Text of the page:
A supervising judge has become aware of another judge’s public admission that he/she pointed a licensed firearm at a defendant in the courtroom several years ago. The supervising judge spoke extensively to the other judge (Judge B) concerning this incident. It appears that Judge B has a permit to carry a concealed weapon and lawfully carries one for personal safety at all times, including when he/she is conducting court proceedings. Several years ago, during court proceedings, a defendant rapidly approached the bench until he/she was close enough to touch Judge B, rather than stopping at a line marked on the floor. Although Judge B found the defendant physically intimidating, the defendant did not make any verbal or nonverbal threats and a nearby court officer did not move to intervene. Judge B rapidly pulled out the firearm, pointed it at the defendant, and directed him/her to move back to the designated line. The defendant complied, and Judge B put the firearm away. The supervising judge is satisfied, based on their discussions, that the bullet was not chambered and that Judge B has never otherwise displayed a weapon in open court. In consultation with the district administrative judge, the supervising judge has impressed upon Judge B “the seriousness of this matter and the appropriateness of [his/her] response” and has prepared a formal counseling memorandum for Judge B to review and sign. In particular, the judge has advised Judge B “that the use or threatened use of a firearm by a judge should be viewed, legally and ethically, from the justification standard for use of deadly physical force (i.e.: that the judge ‘reasonably believes it to be necessary to defend [him/her]self or someone else from what [he/she] reasonably believes to be the use or imminent use of deadly physical force by such individual’).” The judge now asks whether he/she must also report Judge B’s conduct to the Commission on Judicial Conduct.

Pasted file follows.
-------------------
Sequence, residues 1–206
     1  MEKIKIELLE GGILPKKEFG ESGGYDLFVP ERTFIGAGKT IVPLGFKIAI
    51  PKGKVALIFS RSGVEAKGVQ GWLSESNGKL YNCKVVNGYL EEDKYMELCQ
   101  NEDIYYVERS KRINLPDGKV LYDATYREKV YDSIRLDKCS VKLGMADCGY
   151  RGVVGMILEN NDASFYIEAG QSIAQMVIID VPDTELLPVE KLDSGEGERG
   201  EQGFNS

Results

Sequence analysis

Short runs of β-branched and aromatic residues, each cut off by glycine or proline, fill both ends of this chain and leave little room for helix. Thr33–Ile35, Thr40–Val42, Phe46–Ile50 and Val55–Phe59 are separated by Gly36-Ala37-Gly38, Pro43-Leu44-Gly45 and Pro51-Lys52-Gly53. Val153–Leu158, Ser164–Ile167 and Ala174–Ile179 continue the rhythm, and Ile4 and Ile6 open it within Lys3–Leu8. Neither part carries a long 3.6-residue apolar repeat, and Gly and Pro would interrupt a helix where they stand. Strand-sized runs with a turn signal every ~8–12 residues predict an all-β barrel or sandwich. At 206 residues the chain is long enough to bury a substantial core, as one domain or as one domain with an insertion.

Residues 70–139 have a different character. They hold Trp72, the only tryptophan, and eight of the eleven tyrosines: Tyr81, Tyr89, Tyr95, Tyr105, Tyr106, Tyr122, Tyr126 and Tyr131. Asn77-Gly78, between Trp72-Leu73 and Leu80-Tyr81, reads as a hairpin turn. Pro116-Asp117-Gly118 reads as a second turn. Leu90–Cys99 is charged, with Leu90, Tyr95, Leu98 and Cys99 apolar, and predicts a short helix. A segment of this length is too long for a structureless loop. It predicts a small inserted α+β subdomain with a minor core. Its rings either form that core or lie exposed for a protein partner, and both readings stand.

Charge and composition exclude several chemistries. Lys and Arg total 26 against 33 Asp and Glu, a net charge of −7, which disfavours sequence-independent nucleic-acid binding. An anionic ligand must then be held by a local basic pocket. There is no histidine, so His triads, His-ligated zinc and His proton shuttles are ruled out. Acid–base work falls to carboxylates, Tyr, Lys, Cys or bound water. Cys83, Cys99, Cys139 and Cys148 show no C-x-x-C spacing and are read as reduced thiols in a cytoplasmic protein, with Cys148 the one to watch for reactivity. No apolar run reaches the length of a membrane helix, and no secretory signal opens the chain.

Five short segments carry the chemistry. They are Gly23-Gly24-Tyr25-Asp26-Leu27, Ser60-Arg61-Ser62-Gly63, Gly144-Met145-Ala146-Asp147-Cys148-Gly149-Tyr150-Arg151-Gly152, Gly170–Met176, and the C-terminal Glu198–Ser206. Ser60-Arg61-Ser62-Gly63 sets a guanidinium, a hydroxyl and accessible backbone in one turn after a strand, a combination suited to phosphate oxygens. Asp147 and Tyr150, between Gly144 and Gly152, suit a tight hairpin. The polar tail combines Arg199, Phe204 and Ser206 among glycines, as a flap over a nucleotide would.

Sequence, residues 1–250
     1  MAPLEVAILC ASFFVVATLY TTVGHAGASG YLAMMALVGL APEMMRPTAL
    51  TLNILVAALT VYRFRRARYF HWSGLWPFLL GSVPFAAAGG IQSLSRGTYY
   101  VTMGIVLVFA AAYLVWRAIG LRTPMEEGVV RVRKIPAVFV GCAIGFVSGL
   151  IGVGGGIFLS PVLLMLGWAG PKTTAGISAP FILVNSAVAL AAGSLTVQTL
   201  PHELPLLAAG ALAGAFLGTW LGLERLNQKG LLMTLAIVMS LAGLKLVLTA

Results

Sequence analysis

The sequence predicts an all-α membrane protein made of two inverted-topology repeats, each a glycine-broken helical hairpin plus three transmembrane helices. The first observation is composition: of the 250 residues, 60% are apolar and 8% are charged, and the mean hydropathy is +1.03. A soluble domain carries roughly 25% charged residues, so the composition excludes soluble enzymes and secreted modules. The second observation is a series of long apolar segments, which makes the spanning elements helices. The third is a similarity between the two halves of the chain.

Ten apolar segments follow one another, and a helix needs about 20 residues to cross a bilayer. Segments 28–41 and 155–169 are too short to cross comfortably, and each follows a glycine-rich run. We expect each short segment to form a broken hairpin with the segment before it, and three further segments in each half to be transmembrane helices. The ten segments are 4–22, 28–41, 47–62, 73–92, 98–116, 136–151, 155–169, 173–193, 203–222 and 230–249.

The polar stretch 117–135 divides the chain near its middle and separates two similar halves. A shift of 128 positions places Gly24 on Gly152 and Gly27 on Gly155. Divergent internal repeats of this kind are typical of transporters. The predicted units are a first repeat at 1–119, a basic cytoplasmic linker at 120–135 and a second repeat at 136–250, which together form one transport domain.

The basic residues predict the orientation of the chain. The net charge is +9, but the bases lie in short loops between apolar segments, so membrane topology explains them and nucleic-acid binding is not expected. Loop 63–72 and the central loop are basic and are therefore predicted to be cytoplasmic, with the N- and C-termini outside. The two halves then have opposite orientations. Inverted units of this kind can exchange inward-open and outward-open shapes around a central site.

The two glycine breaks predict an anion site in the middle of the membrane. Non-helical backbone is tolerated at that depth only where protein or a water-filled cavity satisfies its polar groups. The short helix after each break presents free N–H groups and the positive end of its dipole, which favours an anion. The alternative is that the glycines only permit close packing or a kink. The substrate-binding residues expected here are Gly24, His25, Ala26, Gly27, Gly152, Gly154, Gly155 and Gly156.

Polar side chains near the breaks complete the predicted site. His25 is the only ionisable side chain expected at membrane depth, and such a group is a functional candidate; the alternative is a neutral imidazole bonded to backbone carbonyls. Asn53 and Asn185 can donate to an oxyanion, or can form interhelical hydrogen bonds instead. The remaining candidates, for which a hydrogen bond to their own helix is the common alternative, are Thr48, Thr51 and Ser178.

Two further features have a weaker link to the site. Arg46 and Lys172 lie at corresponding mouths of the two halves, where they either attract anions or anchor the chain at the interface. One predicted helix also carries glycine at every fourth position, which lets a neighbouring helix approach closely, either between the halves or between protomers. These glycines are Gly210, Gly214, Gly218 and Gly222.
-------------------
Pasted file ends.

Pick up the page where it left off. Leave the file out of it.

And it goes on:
A judge must always avoid even the appearance of impropriety (see 22 NYCRR 100.2) and must always act to promote public confidence in the judiciary’s integrity and impartiality (see 22 NYCRR 100.2[A]). Thus, a judge who receives information indicating a “substantial likelihood” that another judge has committed a “substantial violation” of the Rules Governing Judicial Conduct must take “appropriate action” (22 NYCRR 100.3[D]).